An ode to National Poetry Month


Throughout this self-isolation, I've been doing nothing but tapping away on my keyboard and scrawling ideas and words out on my piles of A4 and A5 notebooks. And it's not just homework, finals, project planning, and journaling - but writing poetry.

April is National Poetry Month, and I wish I'd share some of the work that I've been writing up this past month, but I will be (hopefully) soon self-publish my collection. I have yet to spill the beans because my manuscript and the whole concept of my first book is still in development. Although, I've shared some of my favorites already on my Instagram which you could check out. :)

And, since I haven't posted any poetry in a while on my blog, here is also another favorite that's inspired by how I've been feeling in this quarantine-phase.

at eight in the morning
i sit outside with a cup of coffee
staring at the hanging daffodils
as they sway in the spring breeze
from the darkness of my kitchen
by myself at the table under the chandelier
at eight in the morning. 

i stir my cup, watching the froth 
gather in the centre as my spoon creates 
a whirlpool, stirring my cup. 
i think about my day ahead, staring
at the spinning froth, wondering
when i’ll get that assignment done;
wondering where i’ll roam to next
in this empty house, which room to go to,
which wall or ceiling to stare at. 

at noon, the beginning of peak sunlight,
i bury myself in my pillows, wondering 
when the day will become night. browsing
through the meaningless selections on netflix
looking for which book to read, what to write.
thinking about that assignment and when i’ll
get it done, especially on a day where I feel
lost and lonely under the peak of daylight. 

at six in the evening,
i awoke from a nap, looking at the time
and thinking about what to eat next.
i don’t have money for food and only
an unfinished pack of chips under my bed.
And frozen pizza in the freezer 
with red sangria from 1988. 

it’s almost midnight
the streets are usually sound and people are asleep
but the fluorescent light of my lamp
is keeping me up and i won’t sleep
the days just feels like it’s dragging
and i don’t feel like me
i want this night to end

i don’t want to feel lonely.
- n.i

What have you been writing for National Poetry Month? :)

Book Club

Soo, what some of you may have noticed, I'm starting a new book club! Read more about it here, or sign up right now!

*We are also still looking for people to submit their work to The Wallflower Collective as well as people to join our team! If you're interested, please go here for more info :)

How I'm feeling in quarantine


The pandemic has been taking a toll on us all; we have all been withdrawn inside in our own homes out of fear of being infected or through being proactive in flattening the curve. My parents are essential workers and are constantly exposed to those potentially infected or are carriers of the virus - leading me to stay home as much as possible and quarantine as a means of preventing it to spread.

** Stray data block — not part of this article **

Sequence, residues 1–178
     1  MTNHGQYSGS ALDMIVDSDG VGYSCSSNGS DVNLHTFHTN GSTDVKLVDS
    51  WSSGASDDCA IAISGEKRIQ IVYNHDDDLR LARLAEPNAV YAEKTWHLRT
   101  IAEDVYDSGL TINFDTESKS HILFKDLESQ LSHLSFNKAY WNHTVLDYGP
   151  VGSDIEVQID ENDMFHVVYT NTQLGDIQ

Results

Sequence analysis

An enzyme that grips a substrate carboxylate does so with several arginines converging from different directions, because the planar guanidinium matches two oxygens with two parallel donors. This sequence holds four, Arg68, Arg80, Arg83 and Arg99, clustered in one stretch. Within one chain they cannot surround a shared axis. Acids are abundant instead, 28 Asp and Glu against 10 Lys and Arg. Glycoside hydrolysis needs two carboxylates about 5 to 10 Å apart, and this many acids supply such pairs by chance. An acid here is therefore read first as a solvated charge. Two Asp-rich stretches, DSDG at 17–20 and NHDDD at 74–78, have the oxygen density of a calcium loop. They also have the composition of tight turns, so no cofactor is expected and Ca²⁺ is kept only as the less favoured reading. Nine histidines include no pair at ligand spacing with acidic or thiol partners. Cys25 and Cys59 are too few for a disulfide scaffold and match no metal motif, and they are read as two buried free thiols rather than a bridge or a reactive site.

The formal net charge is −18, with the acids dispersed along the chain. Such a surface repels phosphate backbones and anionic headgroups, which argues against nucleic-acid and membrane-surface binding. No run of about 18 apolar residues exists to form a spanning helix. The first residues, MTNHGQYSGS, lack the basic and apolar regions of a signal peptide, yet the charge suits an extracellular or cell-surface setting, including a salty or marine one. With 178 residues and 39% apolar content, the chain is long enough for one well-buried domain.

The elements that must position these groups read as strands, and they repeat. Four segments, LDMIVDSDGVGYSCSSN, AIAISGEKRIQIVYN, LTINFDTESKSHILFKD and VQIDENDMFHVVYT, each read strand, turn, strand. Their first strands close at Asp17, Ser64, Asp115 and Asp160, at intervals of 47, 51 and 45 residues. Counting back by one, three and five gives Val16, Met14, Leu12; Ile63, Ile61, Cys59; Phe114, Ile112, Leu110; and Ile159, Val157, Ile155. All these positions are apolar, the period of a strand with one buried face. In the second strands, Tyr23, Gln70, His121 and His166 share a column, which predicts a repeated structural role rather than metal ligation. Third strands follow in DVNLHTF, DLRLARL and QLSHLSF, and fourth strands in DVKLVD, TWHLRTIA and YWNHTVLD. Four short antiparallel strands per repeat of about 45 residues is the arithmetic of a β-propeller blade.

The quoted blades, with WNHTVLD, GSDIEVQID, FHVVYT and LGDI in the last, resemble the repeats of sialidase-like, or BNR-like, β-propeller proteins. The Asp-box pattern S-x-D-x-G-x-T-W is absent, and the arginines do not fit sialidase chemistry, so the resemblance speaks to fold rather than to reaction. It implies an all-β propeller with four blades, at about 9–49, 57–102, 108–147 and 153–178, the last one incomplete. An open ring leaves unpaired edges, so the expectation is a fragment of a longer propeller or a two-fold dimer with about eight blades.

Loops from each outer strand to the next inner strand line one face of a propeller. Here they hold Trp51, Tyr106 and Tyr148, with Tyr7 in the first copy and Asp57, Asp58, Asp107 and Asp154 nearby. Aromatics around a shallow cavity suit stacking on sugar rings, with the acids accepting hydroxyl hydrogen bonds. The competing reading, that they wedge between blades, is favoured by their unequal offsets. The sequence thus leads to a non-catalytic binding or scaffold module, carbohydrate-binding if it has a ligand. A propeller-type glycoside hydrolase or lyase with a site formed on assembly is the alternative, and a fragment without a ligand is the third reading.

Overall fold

Quarantine has definitely affected me mentally. I was accustomed to the routine of waking up at 5am and driving to work three days a week, as well as going out to places like studying and writing in a cafe, exploring new restaurants and places in Orlando, and hanging out with my boyfriend. But that's all changed now that I'm obliged to stay home. 

I'm always one for new routines and so I viewed this quarantine as an opportunity, now with all the time and space, to focus on my school work and some projects that I've been meaning to work on (read more for my project I'm launching soon!). I've had the pleasure to do so and catch up with school, but staying at home for so long has slowly deteriorated my mental energy. 

The anxiety and uncertainty has been a part of it - when is this going to end? When am I going back to work? How are we going to recover from this? Will I still get paid? All these unanswered questions has been influencing a series of existential crises the past few weeks and has had an effect on my work. It's not easy being constantly positive in an unknown time like this, and there were times when I couldn't get up and be productive or had mental breakdowns because of how sensitive this situation one was.

Despite what's happening, the only thing I could do was carry on with my life. Of course, it's not the same as before, but I continued completing my school work, I continued writing poetry and articles (see my most recent one about how the pandemic is affecting Asian-Americans), and I continued to work on a project I've been meaning to work on for a long time. 

I mentioned in my previous post that I was starting a book club called The Wallflower Collective. It was a club that aimed to encourage more people to read and be creatively engaged in reading. After some thought and being inspired, I wanted to expand it into an online magazine.


The website is under construction, but we need content to fill it up! If you are a writer like myself, or a photographer, poet, artist, journalist - we need your talent! Please look for more information here! If you have any questions, please contact me


I'm done with my Spring classes, so I'll have more time to work on this project, review your submissions, and also relax every once in a while. 

Some advice from me to you during this time of stress and anxiety: take some time off. Get your mind off things by continuing what you love to do, or perhaps try something new. Restore and preserve your energy and I hope y'all stay safe and well ❤️.
nicole isabel